1 thought on “3. (2012 August) Good Press: Property Taxes

  1. Why Tax Land Values? – The Theory of Land Value

    As a new community grows from a few pioneers, the use of land and other natural resources is limited by the territorial claims of its occupants as well as the poor means for access to its bounty and the slow external communications. The government slowly invests tax-payers’ money in various local and national infra-structures and the benefits from these improvements to the surroundings, gradually raise the living-standards of the local population, allowing it to be more active economically.

    However, this enhanced productivity of the land is not returned to the community as a dividend on its public investment. Instead, this advantage is taken by the few ex-pioneers who soon become wealthy land-owners and whose monetary gain is in the form of a potential or actual ground-rent, (which is the true measure of the land value). The ground-rent on urban sites becomes progressively greater with the more central locations, having been intensely developed in mid-town due to the high-density of the population, competition for the best locations and their high potential for productivity.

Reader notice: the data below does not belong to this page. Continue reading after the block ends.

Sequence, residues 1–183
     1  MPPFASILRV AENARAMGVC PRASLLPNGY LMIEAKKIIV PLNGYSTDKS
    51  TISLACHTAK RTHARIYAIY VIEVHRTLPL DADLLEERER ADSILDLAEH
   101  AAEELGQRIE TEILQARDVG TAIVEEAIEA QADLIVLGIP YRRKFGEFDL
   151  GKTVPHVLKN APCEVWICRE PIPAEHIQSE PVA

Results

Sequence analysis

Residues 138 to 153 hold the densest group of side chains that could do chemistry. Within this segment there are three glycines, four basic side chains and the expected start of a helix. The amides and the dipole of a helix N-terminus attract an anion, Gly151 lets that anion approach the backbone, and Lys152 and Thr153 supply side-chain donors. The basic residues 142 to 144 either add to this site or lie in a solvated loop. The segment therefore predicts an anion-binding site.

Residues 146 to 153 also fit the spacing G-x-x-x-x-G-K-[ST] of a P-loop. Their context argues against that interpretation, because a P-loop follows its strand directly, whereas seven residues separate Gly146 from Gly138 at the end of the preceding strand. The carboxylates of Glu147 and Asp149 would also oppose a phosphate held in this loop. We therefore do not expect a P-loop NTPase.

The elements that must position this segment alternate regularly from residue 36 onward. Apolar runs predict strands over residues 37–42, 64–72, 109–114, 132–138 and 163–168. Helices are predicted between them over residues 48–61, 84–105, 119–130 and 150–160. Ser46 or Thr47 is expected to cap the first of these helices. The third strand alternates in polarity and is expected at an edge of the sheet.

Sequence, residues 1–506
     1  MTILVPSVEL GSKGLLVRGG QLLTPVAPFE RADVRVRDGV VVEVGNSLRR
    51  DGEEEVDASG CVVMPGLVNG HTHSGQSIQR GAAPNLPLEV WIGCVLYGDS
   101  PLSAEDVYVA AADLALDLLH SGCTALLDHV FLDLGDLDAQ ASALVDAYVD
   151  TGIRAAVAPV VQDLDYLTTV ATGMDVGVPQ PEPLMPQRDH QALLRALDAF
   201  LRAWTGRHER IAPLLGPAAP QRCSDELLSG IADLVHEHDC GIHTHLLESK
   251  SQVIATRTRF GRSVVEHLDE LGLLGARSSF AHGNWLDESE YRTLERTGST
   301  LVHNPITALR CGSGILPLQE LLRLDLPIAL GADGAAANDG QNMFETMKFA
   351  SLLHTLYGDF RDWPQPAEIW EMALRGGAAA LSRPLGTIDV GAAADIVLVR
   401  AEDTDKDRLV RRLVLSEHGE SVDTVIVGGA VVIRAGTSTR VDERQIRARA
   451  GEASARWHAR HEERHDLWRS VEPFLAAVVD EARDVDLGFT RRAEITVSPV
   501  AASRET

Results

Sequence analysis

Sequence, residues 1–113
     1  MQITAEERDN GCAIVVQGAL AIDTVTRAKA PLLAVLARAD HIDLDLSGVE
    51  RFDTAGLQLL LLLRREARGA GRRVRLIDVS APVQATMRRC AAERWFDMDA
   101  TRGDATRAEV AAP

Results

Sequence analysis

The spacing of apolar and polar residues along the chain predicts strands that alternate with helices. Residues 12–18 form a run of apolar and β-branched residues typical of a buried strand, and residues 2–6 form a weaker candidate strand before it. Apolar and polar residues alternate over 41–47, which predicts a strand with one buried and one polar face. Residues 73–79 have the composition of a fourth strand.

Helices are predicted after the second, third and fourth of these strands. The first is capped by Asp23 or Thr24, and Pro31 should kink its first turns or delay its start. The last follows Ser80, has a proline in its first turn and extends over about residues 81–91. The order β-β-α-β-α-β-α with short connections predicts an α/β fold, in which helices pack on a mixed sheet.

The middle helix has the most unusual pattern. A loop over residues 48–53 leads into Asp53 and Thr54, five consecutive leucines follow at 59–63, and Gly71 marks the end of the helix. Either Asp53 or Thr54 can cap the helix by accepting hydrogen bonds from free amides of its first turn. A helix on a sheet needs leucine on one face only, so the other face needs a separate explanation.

Speculation in land values often results in some choice sites being unused, which wastes their potential and causes keener competition for the rest. As a result production costs rise unreasonably. This limits and strains the functioning of the social system The relatively few land owners and their production-managers also control the opportunities of the landless majority of workers to earn, whose labour needs access to the land and to its improvements.